The Rio Grande Valley is home to a unique produce retail scene unlike any other in the Lone Star State. Thanks to its prime position on the border, the Valley is a prime conduit for Mexican fresh produce imports.
While the majority of these fruits and vegetables are shipped to destinations across the United States and beyond, a healthy portion of Mexican-grown fruits and vegetables—as well as locally grown commodities—land in the area’s local supermarkets.
As the southernmost tip of Texas, the Valley is made up of four counties: Cameron, Hidalgo, Starr, and Willacy. According to the U.S. Department of Agriculture (USDA), there are 113 grocers in the region that serve 1.3 million residents.
“The food retail scene in the Texas Valley is competitive but stable,” said Gary Huddleston, who serves as food store consultant for the Texas Retailers Association (TRA), which represents most food retailers in the state.
“Because of the excellent availability of local produce, many food retailers take advantage of the quality and freshness of the product,” he adds.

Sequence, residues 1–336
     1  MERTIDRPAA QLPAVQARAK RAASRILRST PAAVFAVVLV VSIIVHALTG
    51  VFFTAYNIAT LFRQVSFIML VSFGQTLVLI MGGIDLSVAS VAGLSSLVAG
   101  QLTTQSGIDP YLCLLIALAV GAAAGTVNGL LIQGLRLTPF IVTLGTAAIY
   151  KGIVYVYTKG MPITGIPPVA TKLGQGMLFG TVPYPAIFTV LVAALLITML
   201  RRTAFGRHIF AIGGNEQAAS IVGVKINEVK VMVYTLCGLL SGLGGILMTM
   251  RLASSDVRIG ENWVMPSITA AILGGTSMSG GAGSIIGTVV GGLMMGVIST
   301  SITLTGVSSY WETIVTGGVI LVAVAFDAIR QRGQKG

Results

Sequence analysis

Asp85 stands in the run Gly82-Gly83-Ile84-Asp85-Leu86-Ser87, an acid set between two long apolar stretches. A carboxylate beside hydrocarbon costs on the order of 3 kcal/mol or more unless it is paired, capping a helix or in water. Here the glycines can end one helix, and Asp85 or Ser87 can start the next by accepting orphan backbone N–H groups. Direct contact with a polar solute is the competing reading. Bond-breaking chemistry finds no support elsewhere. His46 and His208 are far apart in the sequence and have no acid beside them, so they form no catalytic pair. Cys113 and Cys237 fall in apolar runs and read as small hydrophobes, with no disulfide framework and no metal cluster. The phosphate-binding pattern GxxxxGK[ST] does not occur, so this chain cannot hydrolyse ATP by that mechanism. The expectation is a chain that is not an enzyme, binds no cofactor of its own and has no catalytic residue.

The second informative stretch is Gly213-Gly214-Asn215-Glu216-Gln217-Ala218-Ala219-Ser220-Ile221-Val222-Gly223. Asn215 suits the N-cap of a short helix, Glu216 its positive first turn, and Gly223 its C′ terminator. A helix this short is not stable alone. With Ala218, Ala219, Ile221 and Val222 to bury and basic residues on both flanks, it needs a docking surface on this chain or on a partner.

Grocers in the Rio Grande Valley face plenty of obstacles from tough competition to import issues to food deserts. Even so, these resilient retailers remain optimistic about their future—and the future overall—particularly as new technologies and services become available in the area.
“The Texas Retailers Association sees supermarkets expanding and updating their stores to meet the demands of more variety and also new technology,” Huddleston said. “We see the expansion of both online ordering with store pickup and home delivery.”
The Valley continues to be an important market for food retailers, he said.
“Tourism and agriculture continue to increase, which brings more income to the market,” Huddleston says. “Food retailers will react to what the customer wants and desires, thus supermarkets will increase the variety on healthy options, organics, and fresh produce. The Texas Valley will remain competitive, and the food retailers who do the best job responding to customers will be successful.”
This is an excerpt from the most recent Produce Blueprints quarterly journal. Click here to read the full supplement.